Critics however suspect ulterior motives. By reassessing uses of asbestos that had fallen out of favor anyway, the EPA may actually legitimize and legalize these uses, as well as new iterations on old products and designs. Campaigners are particularly worried about the criteria the EPA plans to use to assess these products, which will not take into account the damage caused by historic asbestos use, the presence of asbestos in landfills and dumpsites, or certain types of asbestos fibers. The suggestion from former employees and industry experts is that this lax approach will lead the EPA to reclassify asbestos as less of a threat, and create a pathway to increased usage in the United States.
While this trick has not yet been repeated elsewhere, we are still some distance from an asbestos-free future. A recent report in the UK criticized the government for not falling into line with stricter EU regulations on asbestos, and called for more to be done to minimize the risk caused by the substance. A large percentage of UK schools still contain asbestos, and it continues to impact on the environment in the United States and beyond. In the case of decorative textured coatings like Artex, stocks were in use well after the ban was initiated, and many homeowners are still not aware of the danger they pose.
Achieving a global consensus on environmental issues can be a tortuous process, but the issue of asbestos has come closer than most. From the 1980s onwards, many countries took it upon themselves to phase out the substance, and many had banned it completely by the early 2000s. The UK (a historically heavy user of asbestos) banned the production and use of new asbestos products in 1999, while the European Union enacted a complete ban in 2005, following similar legislation in France, Germany and several other nations.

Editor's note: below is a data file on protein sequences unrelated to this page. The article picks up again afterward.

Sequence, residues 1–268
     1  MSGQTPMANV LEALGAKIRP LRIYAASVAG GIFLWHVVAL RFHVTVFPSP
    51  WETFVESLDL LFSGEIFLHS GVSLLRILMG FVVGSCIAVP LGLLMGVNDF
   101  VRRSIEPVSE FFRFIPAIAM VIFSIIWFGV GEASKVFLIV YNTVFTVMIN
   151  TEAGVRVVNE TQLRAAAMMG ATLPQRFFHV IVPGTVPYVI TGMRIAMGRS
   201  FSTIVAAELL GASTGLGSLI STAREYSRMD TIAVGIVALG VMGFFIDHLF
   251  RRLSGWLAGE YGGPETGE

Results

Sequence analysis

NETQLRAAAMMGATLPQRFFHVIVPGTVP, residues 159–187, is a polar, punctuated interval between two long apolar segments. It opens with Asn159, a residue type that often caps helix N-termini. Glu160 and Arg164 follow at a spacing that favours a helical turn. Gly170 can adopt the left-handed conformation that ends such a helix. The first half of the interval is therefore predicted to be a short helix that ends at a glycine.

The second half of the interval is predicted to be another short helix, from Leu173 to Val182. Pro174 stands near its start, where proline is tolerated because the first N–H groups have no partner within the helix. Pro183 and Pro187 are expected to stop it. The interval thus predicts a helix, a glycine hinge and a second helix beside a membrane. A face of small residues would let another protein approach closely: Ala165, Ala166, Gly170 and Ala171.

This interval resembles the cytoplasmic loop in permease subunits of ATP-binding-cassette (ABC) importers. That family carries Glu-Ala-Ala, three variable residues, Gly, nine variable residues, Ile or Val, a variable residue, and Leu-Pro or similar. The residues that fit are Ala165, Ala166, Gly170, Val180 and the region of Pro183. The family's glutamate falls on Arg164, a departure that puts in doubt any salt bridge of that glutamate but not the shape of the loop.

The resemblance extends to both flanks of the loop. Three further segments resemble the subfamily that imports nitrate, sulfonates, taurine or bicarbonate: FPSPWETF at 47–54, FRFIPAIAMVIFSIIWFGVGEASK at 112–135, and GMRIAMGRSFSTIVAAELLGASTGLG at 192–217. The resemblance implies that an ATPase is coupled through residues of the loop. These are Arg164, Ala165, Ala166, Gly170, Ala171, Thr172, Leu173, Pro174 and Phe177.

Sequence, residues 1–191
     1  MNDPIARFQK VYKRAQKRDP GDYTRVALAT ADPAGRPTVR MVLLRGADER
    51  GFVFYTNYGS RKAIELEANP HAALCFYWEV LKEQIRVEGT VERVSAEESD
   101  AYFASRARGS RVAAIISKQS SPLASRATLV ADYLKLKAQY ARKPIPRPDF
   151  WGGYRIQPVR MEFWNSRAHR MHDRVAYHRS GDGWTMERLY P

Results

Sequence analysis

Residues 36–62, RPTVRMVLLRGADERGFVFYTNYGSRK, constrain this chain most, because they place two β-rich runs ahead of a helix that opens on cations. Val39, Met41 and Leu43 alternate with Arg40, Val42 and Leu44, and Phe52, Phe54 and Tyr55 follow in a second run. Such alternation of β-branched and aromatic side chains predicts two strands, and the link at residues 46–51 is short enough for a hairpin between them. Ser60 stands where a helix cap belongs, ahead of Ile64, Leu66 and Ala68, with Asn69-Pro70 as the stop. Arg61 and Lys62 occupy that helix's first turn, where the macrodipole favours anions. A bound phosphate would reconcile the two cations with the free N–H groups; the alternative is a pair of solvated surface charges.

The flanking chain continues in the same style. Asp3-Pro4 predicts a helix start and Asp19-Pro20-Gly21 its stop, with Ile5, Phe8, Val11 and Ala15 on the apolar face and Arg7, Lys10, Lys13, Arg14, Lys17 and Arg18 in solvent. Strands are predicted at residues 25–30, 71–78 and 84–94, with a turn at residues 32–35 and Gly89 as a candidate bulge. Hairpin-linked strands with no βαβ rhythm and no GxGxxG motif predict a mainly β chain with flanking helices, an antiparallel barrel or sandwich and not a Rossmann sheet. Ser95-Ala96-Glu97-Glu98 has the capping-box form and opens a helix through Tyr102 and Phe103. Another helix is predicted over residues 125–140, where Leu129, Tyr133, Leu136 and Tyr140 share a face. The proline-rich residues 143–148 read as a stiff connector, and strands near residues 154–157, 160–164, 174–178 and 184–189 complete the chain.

Asbestos is now banned in more than 50 countries worldwide, including those of the EU. In addition, the United Nations has committed to a global ban on the substance by 2020. While work remains to be done on this front, countries including Canada and Brazil have recently fallen into line, and have finally ended the mining and use of asbestos domestically. There are still notable holdouts, however. India’s asbestos consumption actually increased by 52,000 tons in 2015, the last figures on record. Similar figures can be seen in China and Russia, while mining continues at particular pace in Russia and Kazakhstan.
As the traditional Western nations benefited from high carbon energy and cheap building materials, so developing nations are choosing these options. Without extensive efforts to incentivize the use of cleaner materials, these countries will continue to impact negatively on the climate – something we can ill afford given recent news. What’s worrying is how these attitudes could spread to other developing nations, particularly given the attitude of the EPA. If a major Western nation legitimizes the ongoing use of asbestos, this could empower others to do the same, causing untold damage to the environment and people in those countries.
At a point where the consensus on environmental issues seemed to be settled, recent political developments have thrown a wrench in the works. Asbestos is just one of these issues, but in many ways, it could be the canary in the coalmine. One of the oldest and most potent threats to public health is also the most stubborn – a sign that the fight is never over when it comes to protecting public health, and working towards a safer and more sustainable future.